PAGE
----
campuses working with a pet. i've been to berkeley california and i've been to brown and to georgetown, yale to defend israel and i do it from the left in part because one of the things i want to give credit to as the netanyahu government. the right republican party, whether the history of the united states three government leaders have said pro-things from the house of representatives. bill clinton, barack obama and benjamin netanyahu made a very strong pro-gay statement. is one of the few times when the republicans did not stand up to applaud him. but the fact is that if your position is that you're just going to defend whatever the israeli government does, then your credibility as a worldwide defender of israel is weekend. i do not think it is possible and the administration hasn't is hasn't done it to say it's israel's responsibility to get piece. what israel needs to do is make it clear that if there is not a genuine two-state solution with real security for israel it is not israel's fault and there are political pressures and here's the deal. there a clearly political pressures w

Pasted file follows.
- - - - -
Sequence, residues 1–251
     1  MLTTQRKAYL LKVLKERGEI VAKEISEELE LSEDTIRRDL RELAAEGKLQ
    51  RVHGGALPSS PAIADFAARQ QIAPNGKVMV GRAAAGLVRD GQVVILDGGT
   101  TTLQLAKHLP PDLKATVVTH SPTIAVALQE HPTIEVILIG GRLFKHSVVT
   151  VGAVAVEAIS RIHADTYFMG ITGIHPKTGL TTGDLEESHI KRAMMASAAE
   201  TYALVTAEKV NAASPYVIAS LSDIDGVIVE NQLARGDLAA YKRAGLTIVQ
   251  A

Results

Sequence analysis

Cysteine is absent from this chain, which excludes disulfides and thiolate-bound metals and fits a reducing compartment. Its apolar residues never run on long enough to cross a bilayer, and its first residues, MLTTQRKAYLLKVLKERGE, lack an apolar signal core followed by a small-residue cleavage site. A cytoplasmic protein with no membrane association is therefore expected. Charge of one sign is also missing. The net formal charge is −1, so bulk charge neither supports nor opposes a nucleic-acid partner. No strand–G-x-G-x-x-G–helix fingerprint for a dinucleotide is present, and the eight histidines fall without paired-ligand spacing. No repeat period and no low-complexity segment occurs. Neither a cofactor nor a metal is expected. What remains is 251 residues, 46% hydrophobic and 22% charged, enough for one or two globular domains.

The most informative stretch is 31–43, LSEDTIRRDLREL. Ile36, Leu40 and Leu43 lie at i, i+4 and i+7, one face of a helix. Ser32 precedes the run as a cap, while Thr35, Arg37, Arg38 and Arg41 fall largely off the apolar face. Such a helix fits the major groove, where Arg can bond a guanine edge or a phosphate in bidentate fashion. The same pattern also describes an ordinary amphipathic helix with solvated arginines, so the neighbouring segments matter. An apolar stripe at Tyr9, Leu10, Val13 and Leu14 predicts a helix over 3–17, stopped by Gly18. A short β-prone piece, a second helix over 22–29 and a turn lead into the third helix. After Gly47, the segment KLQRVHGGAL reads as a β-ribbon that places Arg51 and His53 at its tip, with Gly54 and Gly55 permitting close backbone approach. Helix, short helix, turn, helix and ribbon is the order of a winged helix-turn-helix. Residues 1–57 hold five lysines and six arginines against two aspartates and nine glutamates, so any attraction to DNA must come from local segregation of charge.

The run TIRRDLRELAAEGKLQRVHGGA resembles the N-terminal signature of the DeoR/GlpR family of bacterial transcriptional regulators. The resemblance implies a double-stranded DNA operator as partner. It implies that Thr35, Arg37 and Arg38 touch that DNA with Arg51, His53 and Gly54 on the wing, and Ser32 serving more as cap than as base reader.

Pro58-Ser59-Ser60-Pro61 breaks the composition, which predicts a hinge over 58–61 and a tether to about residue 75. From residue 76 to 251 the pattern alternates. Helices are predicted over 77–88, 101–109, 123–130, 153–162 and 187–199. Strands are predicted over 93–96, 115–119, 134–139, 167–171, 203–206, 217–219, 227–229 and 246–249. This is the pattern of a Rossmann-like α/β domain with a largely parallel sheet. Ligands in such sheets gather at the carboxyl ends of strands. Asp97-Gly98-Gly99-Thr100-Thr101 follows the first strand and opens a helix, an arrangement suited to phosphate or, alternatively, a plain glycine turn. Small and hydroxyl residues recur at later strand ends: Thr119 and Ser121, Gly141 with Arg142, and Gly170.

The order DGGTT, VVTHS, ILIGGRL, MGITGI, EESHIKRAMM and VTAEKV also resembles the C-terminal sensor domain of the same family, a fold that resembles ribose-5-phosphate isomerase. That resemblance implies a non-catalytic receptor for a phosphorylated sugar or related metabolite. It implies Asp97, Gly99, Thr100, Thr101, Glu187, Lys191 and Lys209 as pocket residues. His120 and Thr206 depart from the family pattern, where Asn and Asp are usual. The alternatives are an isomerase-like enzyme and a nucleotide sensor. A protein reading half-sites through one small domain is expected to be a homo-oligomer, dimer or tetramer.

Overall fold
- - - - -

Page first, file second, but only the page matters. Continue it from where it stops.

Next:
governor bentley in alabama is doing, governor christie has had to do, governor brown is now facing in california -- they have let that state go so far out of control, it's going to be difficult to bring it back. but they have to make tough choices. so if we do that, i believe we will get some positive impact on the economy just from the confidence that restores. senator conrad, i see senator lieberman's here. i would be willing to yield back if you're ready to use some time now. mr. conrad: i would like to say to my colleague we have 17 minutes left on this side. we have four senators left to speak. you've got, i think, probably 54, 53 minutes left, something like that. senator lieberman, if you could take about four minutes, if that would work for you. mr. lieberman: i was hoping for four and a quarter minutes. mr. sessions: i yield 4 minutes to the senator from our side. mr. lieberman: thank you. mr. sessions: a flat 8 -- mr. lieberman: pardon? mr. sessions: you'd have a flat 8 minutes. mr. lieberman: that's very generous of my friend. i thank the senator from north dakota, the s